Food and Water Watch Inc. filed a lawsuit against the agency after the EPA rejected a citizens petition calling on them to ban the process of adding fluoride to drinking water.
Natlawreview.com reports: In its decision, the court denied the EPA’s motion for a protective order by rejecting the argument that courts should be limited to reviewing information originally presented in the administrative proceeding giving rise to the suit.
The court’s decision hinged on a provision of the TSCA stating that, in any challenge, “the petitioner shall be provided an opportunity to have such petition considered by the court in a de novo proceeding.” 15 U.S.C. § 2620(b)(4)(B). The EPA argued in support of its motion that “such petition” should be interpreted as limiting the scope of review to evidence in the underlying administrative record, while plaintiffs argued that the phrase “de novo proceeding” requires a less restrictive interpretation.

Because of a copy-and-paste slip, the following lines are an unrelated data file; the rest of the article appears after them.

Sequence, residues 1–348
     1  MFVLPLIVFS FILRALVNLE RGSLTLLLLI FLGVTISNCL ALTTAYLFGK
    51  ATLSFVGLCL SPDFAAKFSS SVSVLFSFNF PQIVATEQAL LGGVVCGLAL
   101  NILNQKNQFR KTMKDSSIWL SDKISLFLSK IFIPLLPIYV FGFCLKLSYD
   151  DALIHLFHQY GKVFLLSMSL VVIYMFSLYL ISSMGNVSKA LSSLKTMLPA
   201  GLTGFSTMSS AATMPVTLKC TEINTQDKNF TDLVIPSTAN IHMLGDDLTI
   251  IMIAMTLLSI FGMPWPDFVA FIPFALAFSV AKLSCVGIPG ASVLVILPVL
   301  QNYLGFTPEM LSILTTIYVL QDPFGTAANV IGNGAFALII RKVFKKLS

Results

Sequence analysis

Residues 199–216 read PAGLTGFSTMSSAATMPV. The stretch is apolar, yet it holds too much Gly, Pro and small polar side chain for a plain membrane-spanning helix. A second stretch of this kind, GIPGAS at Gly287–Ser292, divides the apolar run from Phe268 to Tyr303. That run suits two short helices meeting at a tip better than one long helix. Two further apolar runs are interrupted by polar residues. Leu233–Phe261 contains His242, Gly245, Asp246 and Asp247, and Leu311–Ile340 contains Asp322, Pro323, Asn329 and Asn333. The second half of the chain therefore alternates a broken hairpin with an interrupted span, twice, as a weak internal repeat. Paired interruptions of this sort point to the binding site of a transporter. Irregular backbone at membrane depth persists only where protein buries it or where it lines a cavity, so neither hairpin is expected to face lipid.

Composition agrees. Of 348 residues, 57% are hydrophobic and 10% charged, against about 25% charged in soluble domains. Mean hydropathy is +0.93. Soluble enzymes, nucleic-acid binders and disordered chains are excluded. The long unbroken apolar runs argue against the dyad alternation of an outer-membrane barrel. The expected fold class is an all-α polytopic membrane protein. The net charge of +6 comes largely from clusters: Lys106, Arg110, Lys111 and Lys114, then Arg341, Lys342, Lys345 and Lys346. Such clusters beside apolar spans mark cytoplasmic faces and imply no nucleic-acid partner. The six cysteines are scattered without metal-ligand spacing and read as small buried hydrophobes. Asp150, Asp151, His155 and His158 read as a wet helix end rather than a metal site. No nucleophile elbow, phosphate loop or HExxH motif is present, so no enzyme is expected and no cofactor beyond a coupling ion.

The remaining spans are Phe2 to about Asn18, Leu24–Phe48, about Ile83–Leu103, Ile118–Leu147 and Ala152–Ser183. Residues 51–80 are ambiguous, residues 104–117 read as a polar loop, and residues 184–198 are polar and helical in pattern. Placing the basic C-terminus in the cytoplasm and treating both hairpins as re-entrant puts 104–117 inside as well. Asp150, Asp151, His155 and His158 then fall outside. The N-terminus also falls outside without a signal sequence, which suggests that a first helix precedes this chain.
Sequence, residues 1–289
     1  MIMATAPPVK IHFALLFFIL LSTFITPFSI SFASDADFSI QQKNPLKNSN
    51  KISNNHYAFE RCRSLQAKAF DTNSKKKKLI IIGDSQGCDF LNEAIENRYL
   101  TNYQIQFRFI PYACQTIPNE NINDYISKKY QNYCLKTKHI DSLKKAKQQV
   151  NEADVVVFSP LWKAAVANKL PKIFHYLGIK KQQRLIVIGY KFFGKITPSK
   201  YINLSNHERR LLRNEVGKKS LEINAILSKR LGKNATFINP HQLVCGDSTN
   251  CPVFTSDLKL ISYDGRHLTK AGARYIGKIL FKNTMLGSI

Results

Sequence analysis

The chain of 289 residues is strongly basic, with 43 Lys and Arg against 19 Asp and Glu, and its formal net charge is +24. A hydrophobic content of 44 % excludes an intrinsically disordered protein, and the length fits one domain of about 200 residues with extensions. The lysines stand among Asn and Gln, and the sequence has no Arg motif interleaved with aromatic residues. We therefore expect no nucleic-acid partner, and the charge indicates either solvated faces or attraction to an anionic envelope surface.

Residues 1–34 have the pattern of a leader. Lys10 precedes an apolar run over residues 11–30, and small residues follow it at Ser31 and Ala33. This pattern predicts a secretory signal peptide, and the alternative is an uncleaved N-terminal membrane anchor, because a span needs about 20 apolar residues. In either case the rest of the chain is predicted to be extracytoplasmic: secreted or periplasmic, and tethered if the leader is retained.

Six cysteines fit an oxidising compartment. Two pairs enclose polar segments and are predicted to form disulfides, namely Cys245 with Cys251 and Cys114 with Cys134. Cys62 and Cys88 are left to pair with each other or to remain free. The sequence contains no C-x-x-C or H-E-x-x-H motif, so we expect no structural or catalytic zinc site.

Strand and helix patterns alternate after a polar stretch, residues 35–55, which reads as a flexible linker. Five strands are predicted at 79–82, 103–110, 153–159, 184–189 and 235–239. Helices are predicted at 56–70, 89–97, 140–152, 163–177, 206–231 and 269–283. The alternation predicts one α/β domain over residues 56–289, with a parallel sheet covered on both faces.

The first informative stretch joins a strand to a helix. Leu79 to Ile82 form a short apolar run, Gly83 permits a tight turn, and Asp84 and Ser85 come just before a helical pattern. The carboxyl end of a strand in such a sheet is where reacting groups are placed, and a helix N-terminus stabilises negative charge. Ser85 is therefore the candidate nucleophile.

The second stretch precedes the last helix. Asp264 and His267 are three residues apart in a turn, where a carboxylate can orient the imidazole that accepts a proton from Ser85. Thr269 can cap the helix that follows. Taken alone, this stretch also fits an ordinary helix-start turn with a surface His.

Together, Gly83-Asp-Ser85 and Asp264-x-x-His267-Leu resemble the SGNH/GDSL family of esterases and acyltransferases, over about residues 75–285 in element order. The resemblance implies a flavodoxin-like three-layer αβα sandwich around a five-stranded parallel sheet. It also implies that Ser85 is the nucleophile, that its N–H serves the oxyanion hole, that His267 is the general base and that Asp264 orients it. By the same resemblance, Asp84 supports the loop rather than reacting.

In denying the EPA’s motion, the court specifically held that the phrase “de novo proceeding” indicates that Congress intended a broad scope of review because the word “proceeding” encompasses all regular activities of a lawsuit, including discovery beyond the administrative record. Because the purpose of the TSCA is to protect the public from chemicals that pose unreasonable risks to health and the environment, the court held that “[a] de novo proceeding in district court modeled after traditional trial-like proceedings would not conflict with the purpose of the TSCA, but would instead effectuate it.”
The court’s ruling guarantees that any trial of this matter will be far broader than what the EPA preferred. Given that the fluoridation of water in the U.S. is commonplace, we will keep an eye on how this case unfolds.
SF Source Your News Wire May 2018